Re: [rtcweb] RTCWEB and emergency services

Bernard Aboba <bernard_aboba@hotmail.com> Tue, 27 September 2011 22:00 UTC

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Subject: Re: [rtcweb] RTCWEB and emergency services
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Ted Hardie said: 


"Speaking personally, I don't think that is the right model.  I can see an emergency service provider providing an RTCWeb service as part of its efforts, just as it may accept IMs, text messages, and other non-traditional communications.  But assuming that any provider of an RTCWeb application must provide a method to reach emergency services does not make sense to me. "

[BA] I believe that is what I said in my original message.  The obligations of the RTCWeb application will depend on what it is doing, as well as the country/state and possibly the device it is running on.   Some applications (e.g. realtime enablement of a game or social network) may not have an emergency service obligation.  Others (such as service enabling phone calls to and from the PSTN) may have such an obligation.  YMMV.  

An emergency service provider or PSAP could also use RTCWeb as part of their efforts, of course.   Dispatcher workstations often do support browsers, although the sites that can be accessed may be controlled for security reasons.  That is definitely worth mentioning. 

Ted Hardie also said: 

"Downloaded javascript from a system presumed to be malicious is not how you want to make your 911/112 calls."

[BA] Indeed, this does raise potential issues, given concerns over attacks such as "swatting".   Currently this kind of attack isn't covered in the RTCWEB security document.  In addition to the malicious Javascript concern, there is experience with SIM-less calls, for example, which indicates that lack of authentication tends to lead to an increase in prank calls.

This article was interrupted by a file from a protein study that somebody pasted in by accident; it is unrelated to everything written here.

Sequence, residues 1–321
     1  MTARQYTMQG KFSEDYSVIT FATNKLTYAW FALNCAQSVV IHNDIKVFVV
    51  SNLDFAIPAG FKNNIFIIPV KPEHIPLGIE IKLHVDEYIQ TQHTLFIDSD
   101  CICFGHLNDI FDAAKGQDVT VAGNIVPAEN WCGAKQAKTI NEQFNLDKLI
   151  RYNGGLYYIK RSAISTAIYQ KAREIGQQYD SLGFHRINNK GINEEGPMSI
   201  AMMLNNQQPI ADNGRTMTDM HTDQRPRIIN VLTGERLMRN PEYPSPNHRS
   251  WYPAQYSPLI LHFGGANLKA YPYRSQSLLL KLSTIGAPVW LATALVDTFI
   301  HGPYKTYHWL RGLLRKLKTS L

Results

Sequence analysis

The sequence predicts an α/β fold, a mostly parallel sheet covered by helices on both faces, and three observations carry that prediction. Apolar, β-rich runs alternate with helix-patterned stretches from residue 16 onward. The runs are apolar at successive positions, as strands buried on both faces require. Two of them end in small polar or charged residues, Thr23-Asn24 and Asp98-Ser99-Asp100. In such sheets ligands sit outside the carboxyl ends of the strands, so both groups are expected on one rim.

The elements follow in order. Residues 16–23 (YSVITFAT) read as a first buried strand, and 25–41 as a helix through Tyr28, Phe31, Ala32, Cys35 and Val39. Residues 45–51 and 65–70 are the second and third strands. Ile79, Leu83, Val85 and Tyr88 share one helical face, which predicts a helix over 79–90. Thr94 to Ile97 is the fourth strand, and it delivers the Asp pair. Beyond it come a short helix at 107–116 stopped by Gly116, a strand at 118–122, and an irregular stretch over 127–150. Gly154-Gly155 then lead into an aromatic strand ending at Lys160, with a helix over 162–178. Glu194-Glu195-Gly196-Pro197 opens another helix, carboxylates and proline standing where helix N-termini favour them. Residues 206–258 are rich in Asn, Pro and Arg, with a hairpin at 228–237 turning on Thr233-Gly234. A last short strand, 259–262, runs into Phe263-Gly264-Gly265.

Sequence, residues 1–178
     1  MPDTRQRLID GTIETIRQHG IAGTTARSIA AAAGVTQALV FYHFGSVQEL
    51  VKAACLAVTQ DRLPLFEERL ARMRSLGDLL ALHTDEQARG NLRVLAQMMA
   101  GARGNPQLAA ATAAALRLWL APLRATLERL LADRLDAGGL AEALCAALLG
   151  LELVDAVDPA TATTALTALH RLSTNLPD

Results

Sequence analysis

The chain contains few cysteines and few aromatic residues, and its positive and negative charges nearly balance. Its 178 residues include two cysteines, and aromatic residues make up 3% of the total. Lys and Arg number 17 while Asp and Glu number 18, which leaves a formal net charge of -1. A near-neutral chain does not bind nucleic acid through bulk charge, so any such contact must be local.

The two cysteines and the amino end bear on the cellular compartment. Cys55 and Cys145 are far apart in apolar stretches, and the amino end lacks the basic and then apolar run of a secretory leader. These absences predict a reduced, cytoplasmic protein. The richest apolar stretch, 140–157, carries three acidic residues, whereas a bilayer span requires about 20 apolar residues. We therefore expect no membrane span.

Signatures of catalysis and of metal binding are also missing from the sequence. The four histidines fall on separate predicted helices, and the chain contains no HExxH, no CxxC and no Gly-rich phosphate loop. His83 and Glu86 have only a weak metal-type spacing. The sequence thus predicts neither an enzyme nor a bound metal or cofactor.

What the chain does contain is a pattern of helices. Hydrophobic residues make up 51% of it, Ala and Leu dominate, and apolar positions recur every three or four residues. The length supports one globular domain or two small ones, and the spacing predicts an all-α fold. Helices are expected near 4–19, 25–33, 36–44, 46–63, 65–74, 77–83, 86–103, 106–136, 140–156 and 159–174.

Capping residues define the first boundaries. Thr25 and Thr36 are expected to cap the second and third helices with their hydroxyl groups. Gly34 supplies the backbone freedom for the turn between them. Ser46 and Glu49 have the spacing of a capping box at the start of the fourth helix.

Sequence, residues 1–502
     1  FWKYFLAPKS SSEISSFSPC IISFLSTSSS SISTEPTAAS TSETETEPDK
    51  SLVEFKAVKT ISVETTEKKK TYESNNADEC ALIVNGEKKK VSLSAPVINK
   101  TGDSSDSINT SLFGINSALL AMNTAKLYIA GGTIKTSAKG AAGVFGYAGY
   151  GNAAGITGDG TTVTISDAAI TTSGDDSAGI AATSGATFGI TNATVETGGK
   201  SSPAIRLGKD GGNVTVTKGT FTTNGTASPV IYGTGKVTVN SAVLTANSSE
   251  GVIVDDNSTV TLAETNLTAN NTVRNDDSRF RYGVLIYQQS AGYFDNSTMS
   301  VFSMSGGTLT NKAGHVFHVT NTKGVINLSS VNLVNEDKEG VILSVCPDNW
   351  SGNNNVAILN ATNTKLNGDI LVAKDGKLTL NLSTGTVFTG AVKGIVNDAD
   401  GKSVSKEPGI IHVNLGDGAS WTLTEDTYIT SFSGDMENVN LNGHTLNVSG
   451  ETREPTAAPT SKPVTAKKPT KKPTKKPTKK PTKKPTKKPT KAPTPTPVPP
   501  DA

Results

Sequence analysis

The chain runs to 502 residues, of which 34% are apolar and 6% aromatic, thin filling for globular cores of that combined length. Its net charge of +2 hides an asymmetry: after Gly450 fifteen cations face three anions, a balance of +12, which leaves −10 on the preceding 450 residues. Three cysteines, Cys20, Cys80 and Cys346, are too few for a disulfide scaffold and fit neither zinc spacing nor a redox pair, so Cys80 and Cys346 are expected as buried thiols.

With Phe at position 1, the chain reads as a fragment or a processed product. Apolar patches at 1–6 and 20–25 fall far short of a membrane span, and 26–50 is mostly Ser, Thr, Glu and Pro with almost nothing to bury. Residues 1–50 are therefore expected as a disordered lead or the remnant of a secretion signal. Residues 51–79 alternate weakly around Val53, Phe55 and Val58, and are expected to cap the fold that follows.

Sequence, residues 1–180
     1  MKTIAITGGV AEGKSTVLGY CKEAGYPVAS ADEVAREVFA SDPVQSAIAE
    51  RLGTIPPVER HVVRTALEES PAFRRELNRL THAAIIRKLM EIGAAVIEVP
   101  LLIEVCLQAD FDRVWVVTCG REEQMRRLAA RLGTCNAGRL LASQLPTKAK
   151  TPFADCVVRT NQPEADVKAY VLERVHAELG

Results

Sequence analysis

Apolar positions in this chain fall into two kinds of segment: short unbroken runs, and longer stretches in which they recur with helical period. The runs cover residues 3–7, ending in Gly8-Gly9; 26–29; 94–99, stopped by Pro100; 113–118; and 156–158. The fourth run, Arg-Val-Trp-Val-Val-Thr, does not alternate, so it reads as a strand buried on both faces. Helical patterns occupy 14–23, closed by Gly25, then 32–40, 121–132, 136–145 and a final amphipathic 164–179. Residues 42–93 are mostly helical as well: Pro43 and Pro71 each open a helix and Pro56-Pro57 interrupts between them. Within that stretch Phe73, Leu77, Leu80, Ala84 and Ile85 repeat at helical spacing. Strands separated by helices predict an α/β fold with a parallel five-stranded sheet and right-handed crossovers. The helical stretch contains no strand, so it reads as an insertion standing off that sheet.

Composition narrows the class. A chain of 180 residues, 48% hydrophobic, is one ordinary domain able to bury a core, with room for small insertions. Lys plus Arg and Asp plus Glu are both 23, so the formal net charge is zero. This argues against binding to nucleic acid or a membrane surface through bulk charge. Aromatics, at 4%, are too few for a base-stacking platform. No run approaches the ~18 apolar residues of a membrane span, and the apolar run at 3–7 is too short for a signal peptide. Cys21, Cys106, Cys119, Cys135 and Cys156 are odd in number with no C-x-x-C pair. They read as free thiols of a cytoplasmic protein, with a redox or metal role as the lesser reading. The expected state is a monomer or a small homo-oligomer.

Ted Hardie said:

"Can the poker site require that emergency services folks have a login to its system in monitor state in order to provide this service?"

[BA] I'm not aware of any jurisdiction which currently imposes an emergency services obligation on an online game.  Is this a real use case?

Ted Hardie said:

"Despite our re-use, it is vitally important to remember that these applications are not phones."

[BA] We've already seen a demo of a handset utilizing RTCWEB technology.   However, just because some applications *are* phones doesn't imply that *all* RTCWeb applications will have emergency service obligations, that an RTCWeb-enabled browser needs to natively support every potential emergency service scenario, or even that RTCWeb needs to handle all the obligations that do arise.   After all, many of the major issues in emergency services (like location determination) don't have that much to do with RTCWeb, and there are other APIs (such as the Mozilla WebAPI proposal) that could provide emergency services functionality based on the underlying telephony platform, distinct from RTCWeb.

Ted Hardie said:


"If you must describe in the terms of telephony, please circumscribe your terms--"For RTCWeb applications intended to provide telephony services, the following considerations apply...."  

[BA] I would prefer not to give advice as to what applications do and do not have emergency service obligations.  Given some of the proceedings now in progress that is a complex subject and I'm not a lawyer.  But we can say "For those RTCWeb applications that have emergency services obligations, the following considerations apply.... "  leaving it up to the reader (and their lawyer) to parse through the existing and future regulations to figure out what their obligations might be.